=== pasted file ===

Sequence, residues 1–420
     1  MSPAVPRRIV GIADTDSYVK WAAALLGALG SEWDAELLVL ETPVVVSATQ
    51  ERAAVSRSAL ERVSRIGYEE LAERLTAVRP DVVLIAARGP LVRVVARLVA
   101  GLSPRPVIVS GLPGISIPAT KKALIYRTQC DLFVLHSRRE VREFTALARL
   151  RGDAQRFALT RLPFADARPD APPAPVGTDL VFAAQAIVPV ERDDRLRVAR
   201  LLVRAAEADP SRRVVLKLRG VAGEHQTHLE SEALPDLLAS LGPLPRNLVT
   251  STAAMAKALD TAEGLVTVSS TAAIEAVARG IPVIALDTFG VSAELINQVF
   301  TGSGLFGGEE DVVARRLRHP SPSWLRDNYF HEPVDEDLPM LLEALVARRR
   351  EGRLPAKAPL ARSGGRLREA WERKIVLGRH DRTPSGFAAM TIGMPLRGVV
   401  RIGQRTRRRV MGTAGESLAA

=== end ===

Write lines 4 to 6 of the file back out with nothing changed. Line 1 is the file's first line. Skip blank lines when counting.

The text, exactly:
   101  GLSPRPVIVS GLPGISIPAT KKALIYRTQC DLFVLHSRRE VREFTALARL
   151  RGDAQRFALT RLPFADARPD APPAPVGTDL VFAAQAIVPV ERDDRLRVAR
   201  LLVRAAEADP SRRVVLKLRG VAGEHQTHLE SEALPDLLAS LGPLPRNLVT